Steve Tyson was born into a fertile Brisbane music scene. His earliest bands, Gentle Art and Spike, played in underground blues and r&b clubs whilst he was still at school. His two later projects, Rough Red and twentysevens, have released ten albums over the past two decades, and Steve has been a major contributing songwriter for all of these records. Both bands have toured extensively in Europe, with folk-rockers Rough Red having performed at the Montreux Jazz Festival in Switzerland, Skagen Festival in Denmark, Vikedal Roots Music Festival in Norway, Brosella Festival in Belgium, Bardentreffen Festival in Germany, Skuleberget Festival in Sweden, Galway Arts Festival in Ireland, Paide Shanty Festival in Estonia, and Charlety Stadium in France. Steve’s blues/rock band twentysevens was invited to tour the UK in 2006 as support act to legendary British group Status Quo, playing 31 shows in 42 days throughout England, Scotland and Wales, at venues including Wembley Arena. In 2008, the band returned to the UK and Europe to play some club shows, including the legendary Cavern in Liverpool. Individually, Steve played in the Australian touring band for Chuck Berry, and in Gentle Art and Spike as the support act in Australia for Billy Joel, Elton John, Black Sabbath, and Canned Heat.
His critically acclaimed debut solo record TEMPLE DOG, released in 2011 with 4 star reviews in the national music press, was an eclectic mix of contemporary story-based folk songs, with nods to roots and jazz, delivered with innovative musicianship by Steve and a team of fine players. Stories gleaned from Steve’s travels through exotic locations such as India, Russia, Japan and Vietnam were interspersed with tales of post 9-11 trauma, family skeletons, caustic political satire, and matters of the heart.
His second album GREEN SIDE UP, released in August 2014, was recorded predominantly in Steve’s own Studio Rue du Temple in the Byron Bay hinterland, where he now lives. For much of the inspiration for this new record, Steve had to look no further than his family history, with stories of his great-grandmother’s tough life in rural Queensland, his great uncle’s capture and imprisonment during the Great War, and his French ancestors fleeing from religious persecution in the 16th century, intertwined with more stories from the road, love, murder and a healthy dose of black humour. He toured GREEN SIDE UP extensively through Australia, on the back of more 4 star reviews in the national music press.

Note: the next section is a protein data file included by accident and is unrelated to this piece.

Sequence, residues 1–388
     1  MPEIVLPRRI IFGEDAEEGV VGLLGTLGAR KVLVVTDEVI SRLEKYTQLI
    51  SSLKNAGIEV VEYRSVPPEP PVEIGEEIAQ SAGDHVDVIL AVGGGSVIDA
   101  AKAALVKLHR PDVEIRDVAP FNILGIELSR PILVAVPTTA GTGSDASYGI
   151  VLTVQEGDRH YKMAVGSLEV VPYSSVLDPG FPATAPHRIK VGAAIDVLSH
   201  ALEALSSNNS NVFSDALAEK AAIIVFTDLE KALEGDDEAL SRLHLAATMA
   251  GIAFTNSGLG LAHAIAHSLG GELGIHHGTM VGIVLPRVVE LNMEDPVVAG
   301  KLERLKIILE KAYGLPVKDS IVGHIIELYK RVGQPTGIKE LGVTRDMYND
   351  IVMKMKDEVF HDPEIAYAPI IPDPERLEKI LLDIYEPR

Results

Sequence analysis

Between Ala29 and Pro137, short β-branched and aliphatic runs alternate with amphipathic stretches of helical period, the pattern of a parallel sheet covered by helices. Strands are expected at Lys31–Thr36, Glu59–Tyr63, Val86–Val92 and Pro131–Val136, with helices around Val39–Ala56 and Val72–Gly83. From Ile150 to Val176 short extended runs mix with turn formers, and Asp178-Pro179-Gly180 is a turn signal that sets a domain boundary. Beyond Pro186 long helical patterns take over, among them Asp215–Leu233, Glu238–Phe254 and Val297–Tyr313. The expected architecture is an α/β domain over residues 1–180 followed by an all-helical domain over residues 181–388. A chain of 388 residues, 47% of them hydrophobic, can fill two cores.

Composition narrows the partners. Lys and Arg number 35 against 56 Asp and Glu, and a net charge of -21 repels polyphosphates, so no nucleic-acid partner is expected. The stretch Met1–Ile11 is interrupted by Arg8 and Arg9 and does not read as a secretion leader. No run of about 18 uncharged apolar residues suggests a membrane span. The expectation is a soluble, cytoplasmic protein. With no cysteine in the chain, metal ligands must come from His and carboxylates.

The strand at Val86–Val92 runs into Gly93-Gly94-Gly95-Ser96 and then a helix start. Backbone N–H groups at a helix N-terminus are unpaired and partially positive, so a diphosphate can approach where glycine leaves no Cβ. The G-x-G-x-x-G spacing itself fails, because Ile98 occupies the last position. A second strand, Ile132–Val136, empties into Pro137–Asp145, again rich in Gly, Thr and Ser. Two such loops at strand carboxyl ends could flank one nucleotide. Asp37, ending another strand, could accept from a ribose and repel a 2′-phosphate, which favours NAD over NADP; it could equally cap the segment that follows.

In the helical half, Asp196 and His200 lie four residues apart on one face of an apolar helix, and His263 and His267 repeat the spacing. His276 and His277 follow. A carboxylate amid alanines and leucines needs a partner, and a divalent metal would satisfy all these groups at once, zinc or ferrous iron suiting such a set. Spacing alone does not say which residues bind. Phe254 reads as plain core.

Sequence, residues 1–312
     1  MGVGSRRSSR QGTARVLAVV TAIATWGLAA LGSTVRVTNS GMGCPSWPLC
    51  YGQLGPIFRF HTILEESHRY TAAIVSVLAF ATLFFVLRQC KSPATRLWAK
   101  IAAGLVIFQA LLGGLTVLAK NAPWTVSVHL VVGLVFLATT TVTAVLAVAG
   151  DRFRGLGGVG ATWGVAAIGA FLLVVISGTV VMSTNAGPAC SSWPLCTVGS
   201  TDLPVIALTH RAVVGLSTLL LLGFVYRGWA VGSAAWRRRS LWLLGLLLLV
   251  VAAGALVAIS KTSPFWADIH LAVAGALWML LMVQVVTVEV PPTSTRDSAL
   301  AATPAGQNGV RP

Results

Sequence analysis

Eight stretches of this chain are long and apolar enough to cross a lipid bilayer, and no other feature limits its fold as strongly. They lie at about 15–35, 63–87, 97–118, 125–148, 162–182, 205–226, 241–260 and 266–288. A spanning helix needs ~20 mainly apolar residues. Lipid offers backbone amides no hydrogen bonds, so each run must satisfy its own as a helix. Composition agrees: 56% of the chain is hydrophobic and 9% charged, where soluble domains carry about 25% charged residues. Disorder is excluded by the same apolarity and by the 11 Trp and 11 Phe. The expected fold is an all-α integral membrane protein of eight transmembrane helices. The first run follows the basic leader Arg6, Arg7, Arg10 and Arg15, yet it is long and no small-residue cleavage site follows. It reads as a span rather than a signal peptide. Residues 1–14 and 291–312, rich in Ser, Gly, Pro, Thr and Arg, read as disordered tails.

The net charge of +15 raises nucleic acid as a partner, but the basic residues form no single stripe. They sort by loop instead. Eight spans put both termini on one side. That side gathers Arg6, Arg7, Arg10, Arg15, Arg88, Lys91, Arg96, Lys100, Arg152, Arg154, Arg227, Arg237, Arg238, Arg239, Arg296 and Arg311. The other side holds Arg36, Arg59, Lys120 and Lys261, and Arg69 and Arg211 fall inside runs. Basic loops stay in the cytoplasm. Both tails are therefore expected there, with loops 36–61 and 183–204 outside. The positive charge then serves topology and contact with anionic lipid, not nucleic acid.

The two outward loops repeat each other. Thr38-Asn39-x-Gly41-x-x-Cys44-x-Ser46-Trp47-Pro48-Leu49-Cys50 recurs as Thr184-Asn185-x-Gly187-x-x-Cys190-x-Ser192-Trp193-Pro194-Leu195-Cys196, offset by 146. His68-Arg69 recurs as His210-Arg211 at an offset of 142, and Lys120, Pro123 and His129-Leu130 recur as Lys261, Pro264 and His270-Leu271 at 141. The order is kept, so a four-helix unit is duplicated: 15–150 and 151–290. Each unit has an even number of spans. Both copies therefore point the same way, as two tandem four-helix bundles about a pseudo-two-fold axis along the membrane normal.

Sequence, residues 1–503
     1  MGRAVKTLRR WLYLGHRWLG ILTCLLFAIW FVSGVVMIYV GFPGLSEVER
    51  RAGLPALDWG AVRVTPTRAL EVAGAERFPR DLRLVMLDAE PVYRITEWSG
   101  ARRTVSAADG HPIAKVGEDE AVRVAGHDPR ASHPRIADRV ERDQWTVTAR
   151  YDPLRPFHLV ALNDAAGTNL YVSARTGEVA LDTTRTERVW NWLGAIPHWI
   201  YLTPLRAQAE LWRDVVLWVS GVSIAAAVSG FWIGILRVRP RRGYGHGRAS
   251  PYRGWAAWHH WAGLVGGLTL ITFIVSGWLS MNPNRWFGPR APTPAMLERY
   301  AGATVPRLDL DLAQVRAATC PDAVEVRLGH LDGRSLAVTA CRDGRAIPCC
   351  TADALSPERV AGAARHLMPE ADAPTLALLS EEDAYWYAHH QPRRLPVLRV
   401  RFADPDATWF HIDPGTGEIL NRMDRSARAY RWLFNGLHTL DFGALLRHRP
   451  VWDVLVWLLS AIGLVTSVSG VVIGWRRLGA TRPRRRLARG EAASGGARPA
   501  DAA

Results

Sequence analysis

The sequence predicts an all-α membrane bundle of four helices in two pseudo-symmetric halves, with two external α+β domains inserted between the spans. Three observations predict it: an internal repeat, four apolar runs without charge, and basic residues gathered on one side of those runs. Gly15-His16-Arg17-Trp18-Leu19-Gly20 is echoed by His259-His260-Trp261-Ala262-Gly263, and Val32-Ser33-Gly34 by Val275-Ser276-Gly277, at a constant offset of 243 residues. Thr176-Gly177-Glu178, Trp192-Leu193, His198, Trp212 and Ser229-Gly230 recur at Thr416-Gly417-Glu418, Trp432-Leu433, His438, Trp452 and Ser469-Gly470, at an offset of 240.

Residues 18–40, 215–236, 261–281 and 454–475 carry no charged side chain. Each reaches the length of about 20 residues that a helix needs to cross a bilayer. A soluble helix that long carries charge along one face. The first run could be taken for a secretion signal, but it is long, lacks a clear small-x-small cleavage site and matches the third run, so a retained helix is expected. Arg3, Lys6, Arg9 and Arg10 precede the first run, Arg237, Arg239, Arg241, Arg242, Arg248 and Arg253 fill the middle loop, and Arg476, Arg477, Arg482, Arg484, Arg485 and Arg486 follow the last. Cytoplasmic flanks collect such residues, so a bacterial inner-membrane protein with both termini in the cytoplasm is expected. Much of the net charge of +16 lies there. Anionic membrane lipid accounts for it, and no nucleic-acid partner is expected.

In late 2017, Steve released his third album WRONG TRAIN, RIGHT STATION. Recorded during 2016 and early 2017 once again at Studio Rue du Temple, Steve this time adopted an entirely DIY approach, and recorded every instrument himself. A review by prominent music journalist Noel Mengel summed up the album this way..."Tyson does darkness very well with regret-tinged songs of missed chances and jealous-rage murder tales, but he balances these with the songs with a twinkle in the eye or tongue in cheek. The tracks on this third solo set reveal a master song craftsman with a nuanced lyrical touch and strong melodies. Nothing is over-polished, but these are songs that are built to last." Once again, reviewers in a host of music publications gave the record glowing endorsements.
He has a touring band, Steve Tyson & The Train Rex, and released a series of singles with the band throughout 2019 and 2020. The new album 'Banjo's Last Ride' was released in November 2021. Yet again, the record has received critical acclaim in the national music press, including this from reviewer Ian Dearden in Trad & Now Magazine..."Another masterpiece from a master songwriter."
What sets ‘Banjo’s Last Ride’ apart from his previous records, is that this set is very much a band album, with Steve bringing the Train Rex into the studio to record the twelve new songs. Bassist John Barr, drummer Andy Kirkcaldie, keys and acoustic guitarist Jodi Murtha, and guitarist Ian 'Sal' Shawsmith make up the band.
Steve also performs solo and in other interesting combinations, plus Rough Red "never says never". Meanwhile, the songwriting process forever rolls on...